Your computer's operating system (OS) is responsible for starting up the program, and does some prep. The command line program you're using (this is called a "shell") makes sure to put the argument count (argc) and argument values in boxes at well-known memory addresses before the OS starts your program.

Let's try to compile this program.

$ gcc -o add add.c

There's an error, because we haven't actually provided an add() function. Let's write one.

The program now works, and it adds numbers. Yay! But we can also define our add function in another file – something that often happens in larger programs. Let's use the add function in addf.c instead. Since the compiler looks at each source file in isolation, we now need to tell it that there is an add function in some other file, and what arguments it takes. Let's add a line to add.c that specifies the name and arguments of add(), but does not provide an implementation. This is called a declaration: we're telling the compiler "there will be a function called add(), and you'll find out about its implementation later". All functions and variables in C have to be declared when you first use them, but they do not have to be defined. We'll understand the exact difference shortly.

Let's try compiling this version of add.c. A different error! Why? Because we haven't told the compiler to also look at the addf.c file, which actually has our implementation of add(). To do that, let's pass two files to the compiler.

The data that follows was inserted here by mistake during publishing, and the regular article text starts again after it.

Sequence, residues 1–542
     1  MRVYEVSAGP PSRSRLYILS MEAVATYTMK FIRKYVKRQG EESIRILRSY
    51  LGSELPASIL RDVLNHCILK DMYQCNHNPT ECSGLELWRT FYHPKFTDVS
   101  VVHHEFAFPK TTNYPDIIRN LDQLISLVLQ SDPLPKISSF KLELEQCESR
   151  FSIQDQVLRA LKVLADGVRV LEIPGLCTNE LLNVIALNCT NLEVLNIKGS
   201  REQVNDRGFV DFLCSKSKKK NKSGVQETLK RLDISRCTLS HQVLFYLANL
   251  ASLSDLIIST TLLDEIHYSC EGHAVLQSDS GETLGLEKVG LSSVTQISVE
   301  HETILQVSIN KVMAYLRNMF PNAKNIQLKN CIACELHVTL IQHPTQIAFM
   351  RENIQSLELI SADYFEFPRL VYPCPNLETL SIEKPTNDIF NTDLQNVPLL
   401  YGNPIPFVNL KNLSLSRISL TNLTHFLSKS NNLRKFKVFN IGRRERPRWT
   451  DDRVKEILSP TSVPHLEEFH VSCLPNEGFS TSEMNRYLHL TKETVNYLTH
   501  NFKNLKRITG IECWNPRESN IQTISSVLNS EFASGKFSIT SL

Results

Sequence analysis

$ gcc -o add add.c addf.c

It works! Great. The compiler first compiles add.c into a file called add.o, and then compiles addf.c into a file called addf.o. These files don't contain human-readable text, but binary bytes that the computer's CPU (central processing unit) understands to execute.

Code as data: adding numbers

Why are we covering this?
The only place where a computer can store information is memory. This example illustrates that even the program itself ultimately consists of bytes stored in memory boxes; and that the meaning of a given set of boxes depends on how we tell the computer to interpret them (much like with different-sized numbers). Things that don't seem like programs can actually act as programs!

We talked about storing data – like integers t– in memory, but where does the actual code for our programs live? It turns out it is also just bytes in memory. The CPU needs to know what calculations to run, and we tell it by putting bytes in memory that the CPU interprets as machine code, even though in other situations they may represent data like numbers or an image.

And with the right sequence of magic bytes in the right place, we can make almost any piece of data in memory run as code. Consider, for example the add program in the datarep folder of the lecture code. Its add function is defined in addf.c, and when you compile this code by running make, you get a file called addf.o that actually contains the byte representation of the add function. To look at it, you can run objdump -S addf.o in your course VM, and you'll see that the add function is encoded as four bytes (0x8d 0x04 0x37 0xc3 in hexadecimal notation).

Programs are just bytes!

We can look at the contents of addf.o using a tool called objdump. objdump -d addf.o prints two things below the <add> line: on the left, the bytes in the file in hexadecimal notation (8d 04 37 c3), and on the right, a human-readable version of what these bytes mean in computer machine language (specifically, in a language called "x86-64 assembly", which is the language my laptop's Intel processor understands).